POSTER FOR 1934 CLARK GABLE SCREWBALL COMEDY EXCEPTIONALLY SCARCE
It Happened One Night is one of Hollywood’s most important and influential films.
Released in 1934, the movie starring Clark Gable and Claudette Colbert is considered the first true screwball comedy. It routinely makes lists of the greatest films ever made and is the first of only three films to win all five major Academy Awards: Best Picture, Best Director, Best Actor, Best Actress and Best Adapted Screenplay.
MOVIE POSTERS SIGNATURE® AUCTION 7243
July 24-25, 2021
It was director Frank Capra’s breakout film. It is considered one of the earliest road movies. It’s inspired countless other films, from Laurel and Hardy’s Way Out West to Mel Brooks’ Spaceballs to Sex and the City 2. On top of that, animator Friz Freleng once hinted a character in the movie who calls the Gable character “Doc” was the inspiration for Bugs Bunny.
“It certainly has the goods to be considered one of the greatest films ever made,” says Grey Smith, Heritage Auctions’ director of vintage posters.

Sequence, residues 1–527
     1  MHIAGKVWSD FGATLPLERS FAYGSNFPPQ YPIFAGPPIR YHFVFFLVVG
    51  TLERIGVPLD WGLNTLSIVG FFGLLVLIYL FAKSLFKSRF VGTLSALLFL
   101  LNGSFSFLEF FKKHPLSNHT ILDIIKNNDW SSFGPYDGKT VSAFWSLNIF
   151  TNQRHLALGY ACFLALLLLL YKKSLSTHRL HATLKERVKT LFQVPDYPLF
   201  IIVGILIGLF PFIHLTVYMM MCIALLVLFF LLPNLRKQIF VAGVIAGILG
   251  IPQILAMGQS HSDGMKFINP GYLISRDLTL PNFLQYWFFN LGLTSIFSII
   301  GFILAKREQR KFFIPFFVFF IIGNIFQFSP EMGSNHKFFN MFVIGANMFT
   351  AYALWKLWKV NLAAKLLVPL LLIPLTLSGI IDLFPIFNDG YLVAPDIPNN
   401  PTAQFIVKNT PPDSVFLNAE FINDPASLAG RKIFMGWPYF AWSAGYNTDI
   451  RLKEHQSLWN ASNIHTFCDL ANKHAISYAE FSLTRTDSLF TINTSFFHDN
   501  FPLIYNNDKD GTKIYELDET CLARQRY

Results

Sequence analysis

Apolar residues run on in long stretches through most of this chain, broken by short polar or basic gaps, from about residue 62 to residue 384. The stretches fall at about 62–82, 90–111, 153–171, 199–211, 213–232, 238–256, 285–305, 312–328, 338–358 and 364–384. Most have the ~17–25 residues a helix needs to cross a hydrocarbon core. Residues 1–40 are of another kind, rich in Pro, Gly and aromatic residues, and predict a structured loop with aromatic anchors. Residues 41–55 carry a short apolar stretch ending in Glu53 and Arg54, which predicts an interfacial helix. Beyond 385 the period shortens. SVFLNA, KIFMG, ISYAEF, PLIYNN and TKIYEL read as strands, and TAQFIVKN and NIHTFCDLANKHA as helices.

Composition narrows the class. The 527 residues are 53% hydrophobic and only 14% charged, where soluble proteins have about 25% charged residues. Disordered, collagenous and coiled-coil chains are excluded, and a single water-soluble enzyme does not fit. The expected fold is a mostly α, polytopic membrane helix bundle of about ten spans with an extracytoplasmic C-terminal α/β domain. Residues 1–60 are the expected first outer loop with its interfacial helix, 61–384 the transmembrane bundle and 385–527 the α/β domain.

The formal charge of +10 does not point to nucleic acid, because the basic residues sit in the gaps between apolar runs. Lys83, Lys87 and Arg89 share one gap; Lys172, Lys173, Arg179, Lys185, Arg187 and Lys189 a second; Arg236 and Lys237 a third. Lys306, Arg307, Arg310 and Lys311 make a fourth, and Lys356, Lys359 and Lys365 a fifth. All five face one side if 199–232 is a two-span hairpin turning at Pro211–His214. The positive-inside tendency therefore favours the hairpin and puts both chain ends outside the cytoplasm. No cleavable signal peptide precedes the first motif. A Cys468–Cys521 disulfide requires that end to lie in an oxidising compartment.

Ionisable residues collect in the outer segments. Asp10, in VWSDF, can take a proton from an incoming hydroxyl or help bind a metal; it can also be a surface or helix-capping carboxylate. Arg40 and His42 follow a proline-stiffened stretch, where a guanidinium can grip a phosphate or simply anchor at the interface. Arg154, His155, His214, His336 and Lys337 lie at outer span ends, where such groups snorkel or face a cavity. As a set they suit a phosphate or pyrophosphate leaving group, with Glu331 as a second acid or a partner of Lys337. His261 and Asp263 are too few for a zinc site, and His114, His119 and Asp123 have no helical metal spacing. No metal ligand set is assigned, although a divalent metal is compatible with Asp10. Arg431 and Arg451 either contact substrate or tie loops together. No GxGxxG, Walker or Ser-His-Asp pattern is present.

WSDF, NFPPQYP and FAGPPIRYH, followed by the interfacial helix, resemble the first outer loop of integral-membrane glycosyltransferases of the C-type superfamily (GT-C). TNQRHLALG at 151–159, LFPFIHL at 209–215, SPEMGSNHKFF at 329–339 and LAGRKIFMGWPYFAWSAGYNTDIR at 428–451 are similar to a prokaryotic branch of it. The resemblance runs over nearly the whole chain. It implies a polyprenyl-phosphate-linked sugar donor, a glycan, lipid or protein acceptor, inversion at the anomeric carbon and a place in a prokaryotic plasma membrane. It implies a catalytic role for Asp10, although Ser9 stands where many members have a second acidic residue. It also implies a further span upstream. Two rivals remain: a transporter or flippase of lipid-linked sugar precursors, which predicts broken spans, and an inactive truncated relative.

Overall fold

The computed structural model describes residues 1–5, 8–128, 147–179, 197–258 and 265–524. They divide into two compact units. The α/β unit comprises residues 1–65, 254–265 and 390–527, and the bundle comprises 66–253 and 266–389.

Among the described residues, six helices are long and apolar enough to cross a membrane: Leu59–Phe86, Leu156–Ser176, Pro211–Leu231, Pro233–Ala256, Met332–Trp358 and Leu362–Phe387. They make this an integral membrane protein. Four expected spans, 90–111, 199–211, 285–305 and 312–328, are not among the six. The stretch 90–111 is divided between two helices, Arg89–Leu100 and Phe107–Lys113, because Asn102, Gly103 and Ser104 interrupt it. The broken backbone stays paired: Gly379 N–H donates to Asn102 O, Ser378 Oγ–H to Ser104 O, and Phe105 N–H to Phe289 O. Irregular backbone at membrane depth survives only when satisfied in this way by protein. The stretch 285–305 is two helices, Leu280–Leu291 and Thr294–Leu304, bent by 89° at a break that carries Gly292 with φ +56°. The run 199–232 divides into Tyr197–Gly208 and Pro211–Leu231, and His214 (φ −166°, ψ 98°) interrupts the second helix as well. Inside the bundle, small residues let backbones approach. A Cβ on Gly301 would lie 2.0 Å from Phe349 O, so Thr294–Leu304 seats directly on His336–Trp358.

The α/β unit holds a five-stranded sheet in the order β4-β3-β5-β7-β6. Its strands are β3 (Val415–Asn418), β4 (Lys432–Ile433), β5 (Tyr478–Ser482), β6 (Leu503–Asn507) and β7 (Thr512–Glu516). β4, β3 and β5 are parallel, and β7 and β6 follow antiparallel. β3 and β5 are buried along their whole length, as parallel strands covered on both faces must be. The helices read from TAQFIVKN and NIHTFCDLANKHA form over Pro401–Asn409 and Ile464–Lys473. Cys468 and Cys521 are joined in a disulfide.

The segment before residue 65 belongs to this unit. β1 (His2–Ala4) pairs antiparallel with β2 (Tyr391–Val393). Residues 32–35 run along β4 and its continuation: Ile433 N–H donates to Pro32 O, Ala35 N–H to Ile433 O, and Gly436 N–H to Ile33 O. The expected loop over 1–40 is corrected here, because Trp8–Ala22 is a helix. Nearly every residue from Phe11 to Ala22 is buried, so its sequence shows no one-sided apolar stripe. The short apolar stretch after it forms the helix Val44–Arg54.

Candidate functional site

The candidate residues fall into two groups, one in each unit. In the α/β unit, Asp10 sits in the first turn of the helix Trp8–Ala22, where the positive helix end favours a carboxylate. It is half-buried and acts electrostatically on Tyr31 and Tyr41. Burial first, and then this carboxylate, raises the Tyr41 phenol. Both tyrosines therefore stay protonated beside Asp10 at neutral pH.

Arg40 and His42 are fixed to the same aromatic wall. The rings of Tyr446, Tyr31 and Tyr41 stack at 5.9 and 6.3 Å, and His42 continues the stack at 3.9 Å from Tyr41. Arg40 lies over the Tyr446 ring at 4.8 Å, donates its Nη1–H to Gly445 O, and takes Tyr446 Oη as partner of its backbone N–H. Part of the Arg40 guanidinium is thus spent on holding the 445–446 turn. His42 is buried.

For the first time, Heritage Auctions is offering an original Style A one-sheet for It Happened One Night at its July 24-25 movie posters auction.
“Although it’s one of the most influential films of the 1930s, one-sheets from this wonderful screwball comedy are exceptionally scarce,” Smith says. “Fans of classic comedies should make sure they don’t miss out on such a rare offering.”
Other Hollywood treasures in the auction include a Style D one-sheet of MGM’s 1939 classic The Wizard of Oz. “The Wizard of Oz was one of the most popular movies of its day,” Smith says. “But original release posters are in woefully short supply, and one-sheets are among the scarcest formats and most highly sought formats.”
Heritage has offered only one other Style D one-sheet for The Wizard of Oz; it sold for $65,725 in 2015.
Another treasure up for auction is a one-sheet for Mickey Mouse and Pluto in Society Dog Show (RKO, 1939).
“Society Dog Show is the last appearance of Mickey in his original design. His white face and simple oval eyes subsequently were replaced with a tan coloring and a more complex eye shape,” Smith says. “Mickey’s imminent design change certainly makes this poster a special milestone in the history of Disney animation.”
This story appears in the June 2021 edition of The Intelligent Collector.